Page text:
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Periodical article Periodical article Leiden University catalogue Leiden University catalogue WorldCat catalogue WorldCat
Title:Knowledge, Attitudes and Perceptions of HIV/AIDS among Traditional Birth Attendants and Herbal Practitioners in Lagos State, Nigeria
Author:Omowunmi, AhmedISNI
Year:2004
Periodical:African Journal of AIDS Research
Volume:3
Issue:2
Pages:191-196
Language:English
Geographic term:Nigeria
Subjects:healers
midwives
AIDS
Health, Nutrition, and Medicine
Labor and Employment
External link:https://www.tandfonline.com/doi/abs/10.2989/16085900409490334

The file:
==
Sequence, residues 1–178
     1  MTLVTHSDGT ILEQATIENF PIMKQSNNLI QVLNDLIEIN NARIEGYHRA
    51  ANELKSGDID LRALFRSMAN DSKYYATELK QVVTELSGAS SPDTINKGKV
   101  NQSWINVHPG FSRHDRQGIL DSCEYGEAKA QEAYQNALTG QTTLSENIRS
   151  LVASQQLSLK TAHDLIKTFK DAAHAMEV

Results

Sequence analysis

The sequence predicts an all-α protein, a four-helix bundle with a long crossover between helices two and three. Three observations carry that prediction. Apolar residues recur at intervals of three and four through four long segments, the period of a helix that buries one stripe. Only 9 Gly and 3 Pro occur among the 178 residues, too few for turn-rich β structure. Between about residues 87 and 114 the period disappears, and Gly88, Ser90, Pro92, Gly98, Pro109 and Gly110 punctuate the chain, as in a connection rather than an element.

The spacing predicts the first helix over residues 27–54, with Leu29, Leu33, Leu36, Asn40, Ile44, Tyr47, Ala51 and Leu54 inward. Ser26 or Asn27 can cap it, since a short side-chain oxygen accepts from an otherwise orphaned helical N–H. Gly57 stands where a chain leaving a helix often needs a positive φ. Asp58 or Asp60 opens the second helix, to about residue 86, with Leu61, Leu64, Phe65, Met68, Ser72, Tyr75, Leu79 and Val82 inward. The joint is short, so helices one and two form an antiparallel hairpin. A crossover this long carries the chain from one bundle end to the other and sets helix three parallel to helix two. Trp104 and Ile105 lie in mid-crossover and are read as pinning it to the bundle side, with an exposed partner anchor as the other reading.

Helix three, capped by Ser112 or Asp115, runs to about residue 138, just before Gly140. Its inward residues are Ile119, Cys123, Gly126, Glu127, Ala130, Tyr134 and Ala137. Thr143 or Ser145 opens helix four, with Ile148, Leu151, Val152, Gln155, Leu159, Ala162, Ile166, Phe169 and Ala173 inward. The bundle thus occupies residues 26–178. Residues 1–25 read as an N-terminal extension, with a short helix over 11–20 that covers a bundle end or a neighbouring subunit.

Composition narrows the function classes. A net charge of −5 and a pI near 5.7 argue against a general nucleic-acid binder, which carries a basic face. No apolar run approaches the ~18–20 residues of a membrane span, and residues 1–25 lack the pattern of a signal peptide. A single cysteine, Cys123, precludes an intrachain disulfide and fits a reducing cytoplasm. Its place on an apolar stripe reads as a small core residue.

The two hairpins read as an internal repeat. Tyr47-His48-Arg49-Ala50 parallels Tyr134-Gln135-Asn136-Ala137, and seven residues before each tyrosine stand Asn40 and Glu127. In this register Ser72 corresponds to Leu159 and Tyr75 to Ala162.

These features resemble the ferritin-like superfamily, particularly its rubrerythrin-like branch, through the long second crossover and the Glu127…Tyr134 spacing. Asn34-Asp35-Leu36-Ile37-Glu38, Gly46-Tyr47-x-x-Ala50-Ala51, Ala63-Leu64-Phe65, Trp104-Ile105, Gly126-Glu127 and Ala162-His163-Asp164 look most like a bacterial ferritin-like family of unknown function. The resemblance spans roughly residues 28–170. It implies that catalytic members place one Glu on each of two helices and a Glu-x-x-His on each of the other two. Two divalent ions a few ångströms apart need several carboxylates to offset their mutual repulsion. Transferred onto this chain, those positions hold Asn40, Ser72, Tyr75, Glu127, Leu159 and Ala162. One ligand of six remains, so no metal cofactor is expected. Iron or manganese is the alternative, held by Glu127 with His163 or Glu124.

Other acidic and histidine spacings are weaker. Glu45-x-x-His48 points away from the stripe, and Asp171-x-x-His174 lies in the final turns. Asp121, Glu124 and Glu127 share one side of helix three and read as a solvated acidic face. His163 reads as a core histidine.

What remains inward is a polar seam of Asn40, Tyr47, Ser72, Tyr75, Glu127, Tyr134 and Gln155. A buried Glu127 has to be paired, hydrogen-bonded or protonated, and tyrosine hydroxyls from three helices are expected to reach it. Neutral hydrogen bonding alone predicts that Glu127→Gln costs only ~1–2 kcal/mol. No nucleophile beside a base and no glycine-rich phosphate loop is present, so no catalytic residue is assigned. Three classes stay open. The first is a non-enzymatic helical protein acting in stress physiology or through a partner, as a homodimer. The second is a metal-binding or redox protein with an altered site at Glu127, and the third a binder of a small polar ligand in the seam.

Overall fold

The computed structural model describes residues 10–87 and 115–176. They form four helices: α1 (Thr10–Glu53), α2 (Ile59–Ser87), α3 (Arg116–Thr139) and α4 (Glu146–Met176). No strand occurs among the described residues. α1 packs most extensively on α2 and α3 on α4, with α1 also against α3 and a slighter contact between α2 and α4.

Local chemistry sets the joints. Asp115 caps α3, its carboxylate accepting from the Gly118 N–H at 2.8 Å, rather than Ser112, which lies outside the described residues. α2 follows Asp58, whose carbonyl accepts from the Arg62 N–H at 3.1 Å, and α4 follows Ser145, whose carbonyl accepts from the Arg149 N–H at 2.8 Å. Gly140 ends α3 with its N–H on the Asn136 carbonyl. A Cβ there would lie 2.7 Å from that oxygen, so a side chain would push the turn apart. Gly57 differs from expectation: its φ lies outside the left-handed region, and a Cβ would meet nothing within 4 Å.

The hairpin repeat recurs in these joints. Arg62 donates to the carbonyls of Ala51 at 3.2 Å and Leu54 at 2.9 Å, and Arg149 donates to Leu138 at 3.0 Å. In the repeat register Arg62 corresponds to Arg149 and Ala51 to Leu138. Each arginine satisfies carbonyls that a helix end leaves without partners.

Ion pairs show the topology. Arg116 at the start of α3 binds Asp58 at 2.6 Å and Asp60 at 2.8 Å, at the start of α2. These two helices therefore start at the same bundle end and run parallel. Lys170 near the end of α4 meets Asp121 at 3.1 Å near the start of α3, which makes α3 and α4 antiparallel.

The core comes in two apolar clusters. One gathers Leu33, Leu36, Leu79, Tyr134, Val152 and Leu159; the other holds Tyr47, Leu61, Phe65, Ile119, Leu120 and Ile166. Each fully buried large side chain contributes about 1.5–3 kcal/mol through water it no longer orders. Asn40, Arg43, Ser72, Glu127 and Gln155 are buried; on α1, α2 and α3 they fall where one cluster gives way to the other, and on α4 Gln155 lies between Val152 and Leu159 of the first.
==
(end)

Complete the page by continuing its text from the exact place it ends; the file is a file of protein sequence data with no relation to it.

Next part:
Abstract:Recognizing the widespread role of traditional birth attendants (TBAs) and herbal practitioners (HPs) in health care at community level in Nigeria, the authors assess their knowledge, attitudes and practices in relation to HIV infection and prevention. Questionnaires were administered to 189 participants in 20 local government areas of Lagos State. The autors found that knowledge of modes of transmission of HIV was less than adequate and included lack of knowledge of the existence of HIV/AIDS amongst some practitioners, claims for the ability to treat HIV/AIDS, failure to name major avenues of transmission and confusion of HIV/AIDS with other conditions. The use of measures to prevent infection of clients and themselves showed that normal standards of infection control are not adhered to. Considering that as many as 60 percent of children born in Nigeria are delivered by TBAs and that use of the services of HPs extends across the entire society in both rural and urban settings, this is seen as reason for concern. It is suggested that better incorporation of TBAs/HPs into the well-developed primary health care system offers not only a way of overcoming the risks of infection posed by traditional health practices but also offers an opportunity to extend the reach of voluntary counselling and testing and prevention of mother-to-child infection programmes. The research shows the need for appropriate training of TBAs, to enable them to recognize the risk of HIV infection in their own practices and to encourage them to adopt universal precautions against spreading infection. The authors suggest that referrals made between traditional practitioners and professional health care providers can be an effective and successful element of HIV/AIDS prevention and control programmes. Bibliogr., sum. [Journal abstract]
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